Like all productions in the Felsenreitschule (the name of the old riding school theater) Castellucci’s Salome is site specific. Thus I have spoiled nothing for you by revealing a few of its more striking images — the production is and will always be unique to these stones of Salzburg and its festival and for all that this may mean.

The sine non qua of the Castellucci production is its protagonist, Lithuanian soprano Asmik Grigorian. Diminutive, lithe, of fresh and beautiful voice to her death and dramatically expansive in her movements this extraordinary artist was as real and vivid a presence in Strauss’ account of an adolescent awakening as was the black stallion that was Jochanaan.

Salome_Salzburg2.pngJohn Daszak as Herod

The prurient world surrounding Salome’s innocence erupted into a frenzy of battling images, during which the salient image was the cleansing of Jochanaan’s blackened body. Conductor Welzer-Möst’s orchestra created a frantic orgy of argument clearly visible in the a vista pit. The physical presence of the Vienna Philharmonic within the confines of the Castellucci theater world engendered a toxicity of enormous and hugely indulgent proportion.

English tenor John Daszak was the stark Herodes, his tormented spirit dominating every moment of Castellucci’s theater. Hungarian bass-baritone Gábor Bretz menacingly rang out his prophecies and admonitions shrouded in blackness. The pleas and imprecations of Italian mezzo soprano Anna Maria Chiuri’s Herodias were largely overlooked in the fracas of Castellucci’s powerfully masculine world, Salome its innocent victim.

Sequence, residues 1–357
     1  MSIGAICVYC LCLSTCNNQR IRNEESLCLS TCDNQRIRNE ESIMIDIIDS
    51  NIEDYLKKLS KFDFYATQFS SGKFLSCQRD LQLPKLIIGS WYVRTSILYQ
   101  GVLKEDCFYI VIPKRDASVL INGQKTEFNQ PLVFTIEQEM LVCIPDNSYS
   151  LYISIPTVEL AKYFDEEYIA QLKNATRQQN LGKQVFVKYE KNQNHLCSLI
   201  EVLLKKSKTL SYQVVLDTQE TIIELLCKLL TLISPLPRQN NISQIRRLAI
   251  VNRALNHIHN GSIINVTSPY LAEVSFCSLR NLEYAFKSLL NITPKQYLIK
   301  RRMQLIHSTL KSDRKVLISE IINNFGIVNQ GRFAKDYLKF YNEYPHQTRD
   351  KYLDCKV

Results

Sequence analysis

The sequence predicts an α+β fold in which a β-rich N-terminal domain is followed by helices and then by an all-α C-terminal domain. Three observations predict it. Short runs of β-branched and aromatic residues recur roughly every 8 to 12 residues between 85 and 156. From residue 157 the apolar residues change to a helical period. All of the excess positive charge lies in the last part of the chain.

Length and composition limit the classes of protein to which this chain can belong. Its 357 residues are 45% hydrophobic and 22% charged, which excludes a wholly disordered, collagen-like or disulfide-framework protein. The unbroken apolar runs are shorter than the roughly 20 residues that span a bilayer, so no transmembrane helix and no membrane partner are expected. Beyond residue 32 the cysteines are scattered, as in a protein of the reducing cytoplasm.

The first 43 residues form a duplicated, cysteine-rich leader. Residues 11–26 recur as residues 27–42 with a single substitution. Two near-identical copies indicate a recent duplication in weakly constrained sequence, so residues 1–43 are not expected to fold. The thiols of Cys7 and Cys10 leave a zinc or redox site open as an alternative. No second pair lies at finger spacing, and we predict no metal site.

Michael Milenski


Cast and production information:

Herod: John Daszak: Herodias: Anna Maria Chiuri; Salome: Asmik Grigorian; Jochanaan: Gábor Bretz; Narraboth: Julian Prégardien; Herodias' page: Avery Amereau; Jews/Nazarines/Soldiers: Matthäus Schmidlechner, Mathias Frey, Patrick Vogel, Jörg Schneider, David Steffens, Tilmann Rönnebeck, Paweł Trojak, Neven Crnić, Henning von Schulman, Dashon Burton. The Vienna Philharmonic. Conductor: Franz Welser-Möst; Production (stage direction, sets, costumes and lighting): Romeo Castellucci.

Send to a friend

Send a link to this article to a friend with an optional message.

Friend's Email Address: (required)

Your Email Address: (required)

Message (optional):